The fourth most popular issue in our second annual poll of Emerging Ethical Dilemmas and Policy Issues in Science and Technology is "geoengineering," with roughly 12% of the total votes. Below we've provided more information about this topic to serve as a resource to students, educators, journalists, policy makers, and concerned citizens.

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Geoengineering is the deliberate large-scale manipulation of environmental processes to combat global warming. It involves two types of processes – carbon dioxide removal (CDR) and Solar Radiation Management (SRM). SRM, the more controversial prospect, is a form of climate modification that reduces the amount of sun hitting the earth’s surface. Sulfate Aerosol Geoengineering (SAG-SRM) would inject the stratosphere with aerosols and could be done at such a reasonable cost ($8 million per year) that it’s possible one nation could take action for the entire planet. Whether used locally or globally, adopting a SAG policy would have long-term and far reaching consequences. One nation’s policy decision could immediately and adversely affect another country’s economic well-being as well as affect human health over both the short and long term. What legal, ethical, and moral issues are raised by deliberate manipulation of the world's climate system? We should ask ourselves the following questions:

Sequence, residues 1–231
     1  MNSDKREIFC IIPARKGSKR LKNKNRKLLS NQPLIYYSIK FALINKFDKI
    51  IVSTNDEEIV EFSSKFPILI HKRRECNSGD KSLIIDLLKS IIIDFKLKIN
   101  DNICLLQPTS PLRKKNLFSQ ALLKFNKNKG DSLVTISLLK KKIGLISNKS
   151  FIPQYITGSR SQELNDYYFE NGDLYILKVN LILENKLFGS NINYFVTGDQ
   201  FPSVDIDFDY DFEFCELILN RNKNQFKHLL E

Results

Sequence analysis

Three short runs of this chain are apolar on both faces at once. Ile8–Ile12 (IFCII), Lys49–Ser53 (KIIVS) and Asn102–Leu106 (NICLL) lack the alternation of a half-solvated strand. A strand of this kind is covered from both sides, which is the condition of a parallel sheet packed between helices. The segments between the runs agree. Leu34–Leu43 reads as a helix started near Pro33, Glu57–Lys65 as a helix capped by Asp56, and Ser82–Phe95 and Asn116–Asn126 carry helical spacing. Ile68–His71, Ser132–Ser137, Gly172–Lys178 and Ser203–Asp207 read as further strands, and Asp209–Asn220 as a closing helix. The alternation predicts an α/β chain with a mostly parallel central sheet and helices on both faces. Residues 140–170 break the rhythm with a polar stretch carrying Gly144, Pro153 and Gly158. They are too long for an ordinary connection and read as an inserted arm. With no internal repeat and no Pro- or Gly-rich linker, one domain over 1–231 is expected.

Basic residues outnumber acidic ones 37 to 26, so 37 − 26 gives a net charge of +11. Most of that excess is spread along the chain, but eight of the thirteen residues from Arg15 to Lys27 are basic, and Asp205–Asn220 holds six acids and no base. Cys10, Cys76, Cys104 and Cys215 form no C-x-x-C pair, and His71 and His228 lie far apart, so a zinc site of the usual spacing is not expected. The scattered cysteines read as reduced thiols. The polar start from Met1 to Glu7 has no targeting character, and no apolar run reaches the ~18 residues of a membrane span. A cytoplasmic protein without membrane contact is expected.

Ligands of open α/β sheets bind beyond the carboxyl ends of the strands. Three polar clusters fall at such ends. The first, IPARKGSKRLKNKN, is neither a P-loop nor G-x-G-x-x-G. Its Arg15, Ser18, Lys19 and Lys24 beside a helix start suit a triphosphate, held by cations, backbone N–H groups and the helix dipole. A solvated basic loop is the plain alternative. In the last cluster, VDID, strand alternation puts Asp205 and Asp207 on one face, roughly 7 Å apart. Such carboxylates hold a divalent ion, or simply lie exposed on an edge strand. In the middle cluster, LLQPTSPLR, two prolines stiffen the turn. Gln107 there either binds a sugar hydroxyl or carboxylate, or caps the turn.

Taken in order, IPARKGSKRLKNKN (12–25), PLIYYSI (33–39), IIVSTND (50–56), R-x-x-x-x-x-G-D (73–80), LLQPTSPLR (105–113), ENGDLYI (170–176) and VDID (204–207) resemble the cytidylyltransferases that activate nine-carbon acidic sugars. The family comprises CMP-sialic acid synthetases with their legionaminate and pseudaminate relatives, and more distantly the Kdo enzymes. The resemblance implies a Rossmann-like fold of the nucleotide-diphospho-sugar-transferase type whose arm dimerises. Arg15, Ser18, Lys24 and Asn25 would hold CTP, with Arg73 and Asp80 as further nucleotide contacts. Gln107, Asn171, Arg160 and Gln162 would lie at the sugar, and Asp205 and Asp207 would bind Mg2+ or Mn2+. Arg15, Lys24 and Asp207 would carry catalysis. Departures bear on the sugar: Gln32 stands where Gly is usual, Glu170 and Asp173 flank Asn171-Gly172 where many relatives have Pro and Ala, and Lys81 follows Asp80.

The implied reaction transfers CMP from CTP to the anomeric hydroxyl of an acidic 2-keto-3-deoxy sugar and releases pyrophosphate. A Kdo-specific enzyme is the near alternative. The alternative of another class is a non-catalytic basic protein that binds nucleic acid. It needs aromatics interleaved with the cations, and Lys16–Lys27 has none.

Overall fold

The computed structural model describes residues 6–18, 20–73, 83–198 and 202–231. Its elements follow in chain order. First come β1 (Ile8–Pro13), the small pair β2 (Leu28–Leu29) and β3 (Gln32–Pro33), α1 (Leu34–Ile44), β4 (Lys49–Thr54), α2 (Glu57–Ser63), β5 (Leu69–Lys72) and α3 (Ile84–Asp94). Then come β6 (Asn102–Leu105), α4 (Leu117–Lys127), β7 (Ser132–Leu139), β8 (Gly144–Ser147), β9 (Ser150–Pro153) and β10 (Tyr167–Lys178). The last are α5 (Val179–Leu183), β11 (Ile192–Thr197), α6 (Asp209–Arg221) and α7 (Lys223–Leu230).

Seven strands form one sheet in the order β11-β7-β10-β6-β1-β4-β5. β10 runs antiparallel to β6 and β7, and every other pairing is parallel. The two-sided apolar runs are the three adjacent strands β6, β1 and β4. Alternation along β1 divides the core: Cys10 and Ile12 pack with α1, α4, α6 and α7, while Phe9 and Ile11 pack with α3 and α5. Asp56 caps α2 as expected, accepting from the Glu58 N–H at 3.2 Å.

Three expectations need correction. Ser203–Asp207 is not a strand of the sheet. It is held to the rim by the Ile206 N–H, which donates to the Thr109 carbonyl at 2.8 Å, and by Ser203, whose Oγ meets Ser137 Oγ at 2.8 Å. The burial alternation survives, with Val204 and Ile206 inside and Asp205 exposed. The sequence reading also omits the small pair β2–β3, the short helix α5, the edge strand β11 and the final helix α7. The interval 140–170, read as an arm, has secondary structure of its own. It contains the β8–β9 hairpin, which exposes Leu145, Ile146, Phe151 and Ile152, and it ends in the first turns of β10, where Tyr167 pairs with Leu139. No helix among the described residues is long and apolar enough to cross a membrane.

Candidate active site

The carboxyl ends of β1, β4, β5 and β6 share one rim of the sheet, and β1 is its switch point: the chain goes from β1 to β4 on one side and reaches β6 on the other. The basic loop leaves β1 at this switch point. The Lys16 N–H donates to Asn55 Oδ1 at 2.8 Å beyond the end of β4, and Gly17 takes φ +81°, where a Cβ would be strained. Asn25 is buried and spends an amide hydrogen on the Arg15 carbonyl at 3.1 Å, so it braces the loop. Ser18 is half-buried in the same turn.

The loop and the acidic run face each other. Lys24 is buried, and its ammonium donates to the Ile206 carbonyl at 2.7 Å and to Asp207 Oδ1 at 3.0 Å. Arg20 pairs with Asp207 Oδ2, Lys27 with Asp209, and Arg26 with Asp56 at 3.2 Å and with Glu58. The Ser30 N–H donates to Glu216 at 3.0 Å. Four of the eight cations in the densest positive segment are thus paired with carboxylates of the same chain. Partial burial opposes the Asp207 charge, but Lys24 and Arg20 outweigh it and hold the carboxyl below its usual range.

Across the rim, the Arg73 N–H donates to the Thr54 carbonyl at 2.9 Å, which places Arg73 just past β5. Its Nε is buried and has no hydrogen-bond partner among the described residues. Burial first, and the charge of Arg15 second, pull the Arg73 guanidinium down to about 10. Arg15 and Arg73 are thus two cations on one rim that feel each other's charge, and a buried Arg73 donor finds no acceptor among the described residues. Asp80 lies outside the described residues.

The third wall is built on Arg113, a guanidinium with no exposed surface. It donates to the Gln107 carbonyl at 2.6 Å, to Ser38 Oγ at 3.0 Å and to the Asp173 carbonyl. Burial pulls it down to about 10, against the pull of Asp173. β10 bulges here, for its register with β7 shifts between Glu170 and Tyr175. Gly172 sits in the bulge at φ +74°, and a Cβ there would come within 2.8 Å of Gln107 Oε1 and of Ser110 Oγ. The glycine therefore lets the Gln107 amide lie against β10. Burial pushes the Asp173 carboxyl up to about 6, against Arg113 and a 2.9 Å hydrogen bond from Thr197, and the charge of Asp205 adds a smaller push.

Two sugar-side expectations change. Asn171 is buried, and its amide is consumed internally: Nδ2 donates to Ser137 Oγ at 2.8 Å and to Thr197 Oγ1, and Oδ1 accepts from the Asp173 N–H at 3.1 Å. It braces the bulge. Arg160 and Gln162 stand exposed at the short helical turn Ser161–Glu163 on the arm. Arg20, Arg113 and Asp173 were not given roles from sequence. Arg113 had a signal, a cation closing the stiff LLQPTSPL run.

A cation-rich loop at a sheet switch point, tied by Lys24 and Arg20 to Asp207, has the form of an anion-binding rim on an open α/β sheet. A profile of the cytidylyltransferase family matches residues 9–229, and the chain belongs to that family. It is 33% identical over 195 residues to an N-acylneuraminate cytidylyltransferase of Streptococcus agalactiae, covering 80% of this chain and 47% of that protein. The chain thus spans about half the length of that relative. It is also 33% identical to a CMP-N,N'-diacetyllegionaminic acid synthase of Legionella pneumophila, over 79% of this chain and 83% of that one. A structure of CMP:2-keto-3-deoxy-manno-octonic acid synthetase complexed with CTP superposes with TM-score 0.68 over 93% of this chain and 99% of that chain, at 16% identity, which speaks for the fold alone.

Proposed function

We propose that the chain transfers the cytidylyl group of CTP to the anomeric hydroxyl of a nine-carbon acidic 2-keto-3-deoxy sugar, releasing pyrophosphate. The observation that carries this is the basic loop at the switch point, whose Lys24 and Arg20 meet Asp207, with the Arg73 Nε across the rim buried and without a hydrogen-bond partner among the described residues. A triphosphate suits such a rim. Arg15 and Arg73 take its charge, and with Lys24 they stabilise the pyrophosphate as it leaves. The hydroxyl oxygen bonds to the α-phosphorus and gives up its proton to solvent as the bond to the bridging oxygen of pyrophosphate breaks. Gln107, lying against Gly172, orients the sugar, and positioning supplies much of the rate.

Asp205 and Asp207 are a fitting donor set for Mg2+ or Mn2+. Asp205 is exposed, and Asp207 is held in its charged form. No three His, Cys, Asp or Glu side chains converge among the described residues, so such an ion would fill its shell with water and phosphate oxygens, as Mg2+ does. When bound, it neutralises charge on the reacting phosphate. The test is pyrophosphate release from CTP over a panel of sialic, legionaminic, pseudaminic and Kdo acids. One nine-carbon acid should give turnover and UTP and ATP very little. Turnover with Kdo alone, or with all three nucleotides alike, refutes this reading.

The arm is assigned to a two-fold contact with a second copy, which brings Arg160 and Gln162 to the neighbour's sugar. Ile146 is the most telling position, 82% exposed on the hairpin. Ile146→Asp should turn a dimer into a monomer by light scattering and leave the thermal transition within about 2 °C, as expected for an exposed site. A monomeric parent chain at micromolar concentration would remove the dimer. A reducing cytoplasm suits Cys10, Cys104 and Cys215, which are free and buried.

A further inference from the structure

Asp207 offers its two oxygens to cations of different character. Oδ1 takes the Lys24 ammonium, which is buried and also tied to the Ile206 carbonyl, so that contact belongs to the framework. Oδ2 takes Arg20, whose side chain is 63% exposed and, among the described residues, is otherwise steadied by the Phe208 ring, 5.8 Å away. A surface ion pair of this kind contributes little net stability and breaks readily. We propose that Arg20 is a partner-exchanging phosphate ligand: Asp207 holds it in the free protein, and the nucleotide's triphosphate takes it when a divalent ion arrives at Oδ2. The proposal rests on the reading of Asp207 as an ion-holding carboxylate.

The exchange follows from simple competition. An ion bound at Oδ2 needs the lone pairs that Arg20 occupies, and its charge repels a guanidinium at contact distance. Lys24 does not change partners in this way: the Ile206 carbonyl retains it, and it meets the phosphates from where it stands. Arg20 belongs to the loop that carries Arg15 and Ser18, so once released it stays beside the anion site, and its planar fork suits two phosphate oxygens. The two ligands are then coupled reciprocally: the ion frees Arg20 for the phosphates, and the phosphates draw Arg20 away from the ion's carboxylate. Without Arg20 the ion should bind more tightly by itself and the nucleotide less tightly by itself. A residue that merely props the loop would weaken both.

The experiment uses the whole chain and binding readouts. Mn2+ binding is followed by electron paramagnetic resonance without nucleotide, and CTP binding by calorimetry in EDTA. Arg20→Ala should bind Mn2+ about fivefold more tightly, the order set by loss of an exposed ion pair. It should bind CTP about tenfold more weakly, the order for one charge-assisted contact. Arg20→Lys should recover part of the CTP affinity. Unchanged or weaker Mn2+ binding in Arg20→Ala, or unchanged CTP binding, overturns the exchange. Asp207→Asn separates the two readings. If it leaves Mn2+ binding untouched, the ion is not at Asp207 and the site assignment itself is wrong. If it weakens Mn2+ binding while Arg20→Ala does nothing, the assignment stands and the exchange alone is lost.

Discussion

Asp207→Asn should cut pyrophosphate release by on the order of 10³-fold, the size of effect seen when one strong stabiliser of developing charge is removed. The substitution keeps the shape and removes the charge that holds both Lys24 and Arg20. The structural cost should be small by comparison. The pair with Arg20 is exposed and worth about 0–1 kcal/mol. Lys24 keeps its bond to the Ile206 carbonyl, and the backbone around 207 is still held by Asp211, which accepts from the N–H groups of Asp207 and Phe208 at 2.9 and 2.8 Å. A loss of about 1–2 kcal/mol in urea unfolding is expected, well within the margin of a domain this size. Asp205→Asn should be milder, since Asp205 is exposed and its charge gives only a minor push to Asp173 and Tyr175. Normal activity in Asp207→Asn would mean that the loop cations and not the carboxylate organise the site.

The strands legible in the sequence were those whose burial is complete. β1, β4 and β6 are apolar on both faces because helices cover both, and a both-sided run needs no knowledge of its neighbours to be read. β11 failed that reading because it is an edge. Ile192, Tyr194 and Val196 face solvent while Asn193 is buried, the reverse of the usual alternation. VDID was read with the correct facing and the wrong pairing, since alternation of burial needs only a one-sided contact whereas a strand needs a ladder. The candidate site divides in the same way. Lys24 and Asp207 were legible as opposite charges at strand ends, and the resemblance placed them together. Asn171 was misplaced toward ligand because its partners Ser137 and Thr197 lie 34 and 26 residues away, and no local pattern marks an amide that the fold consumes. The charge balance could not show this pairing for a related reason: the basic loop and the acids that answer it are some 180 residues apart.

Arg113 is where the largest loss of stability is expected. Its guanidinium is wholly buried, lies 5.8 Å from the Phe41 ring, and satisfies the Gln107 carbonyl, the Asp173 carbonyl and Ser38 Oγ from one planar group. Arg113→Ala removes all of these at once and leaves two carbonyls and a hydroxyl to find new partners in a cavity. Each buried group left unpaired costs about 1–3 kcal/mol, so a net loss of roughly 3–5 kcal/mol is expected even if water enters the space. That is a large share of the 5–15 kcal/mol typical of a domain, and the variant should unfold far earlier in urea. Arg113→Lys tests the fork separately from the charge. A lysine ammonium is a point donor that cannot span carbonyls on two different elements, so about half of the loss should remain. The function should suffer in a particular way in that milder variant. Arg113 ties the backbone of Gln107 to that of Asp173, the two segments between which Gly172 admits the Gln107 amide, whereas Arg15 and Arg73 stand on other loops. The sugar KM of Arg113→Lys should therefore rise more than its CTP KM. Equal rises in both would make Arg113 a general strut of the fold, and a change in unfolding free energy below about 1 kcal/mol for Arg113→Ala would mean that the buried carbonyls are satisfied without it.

What is Geoengineering? (The Guardian) 

Can Geoengineering Solve Global Warming? (The New Yorker) 

Geoengineering and Environmental Ethics (Nature) 

Reengineering the Earth (The Atlantic) 

Geoengineering - A Quick, Clean Fix? (Time)

Geoengineering the Climate May Be Possible, But Who Decides? (Environmental Defense Fund)

Geoengineering: Our Last Hope, or a False Promise? (New York Times)

Are Ideas to Cool the Planet Realistic? (BBC News)

Public Supports Geo-Engineering Ideas, Study Suggests (BBC News)

The cases for geoengineering

Obama Takes Bold Step to Geoengineer Climate Change (Huffington Post)

Why We'd Be Mad to Rule Out Climate Engineering (The Guardian)

Geoengineering Could Reduce Critical Global Rainfall (Climate Central)

Buffering the Sun (Harvard Magazine)

Cheap But Imperfect: Can Geoengineering Slow Climate Change? (Spiegel Online)

The cases against geoengineering

One Problem With Geoengineering: Once You Start, You Can’t Really Stop (Washington Post)

Geoengineering - Testing the Waters (New York Times) 

The First Geo-Vigilante (The New Yorker) 

Geoengineering Side Effects Could Be Potentially Disastrous, Research Shows (The Guardian)

Solar Geoengineering: Weighing Costs of Blocking the Sun’s Rays (Yale, Environment 360 Blog)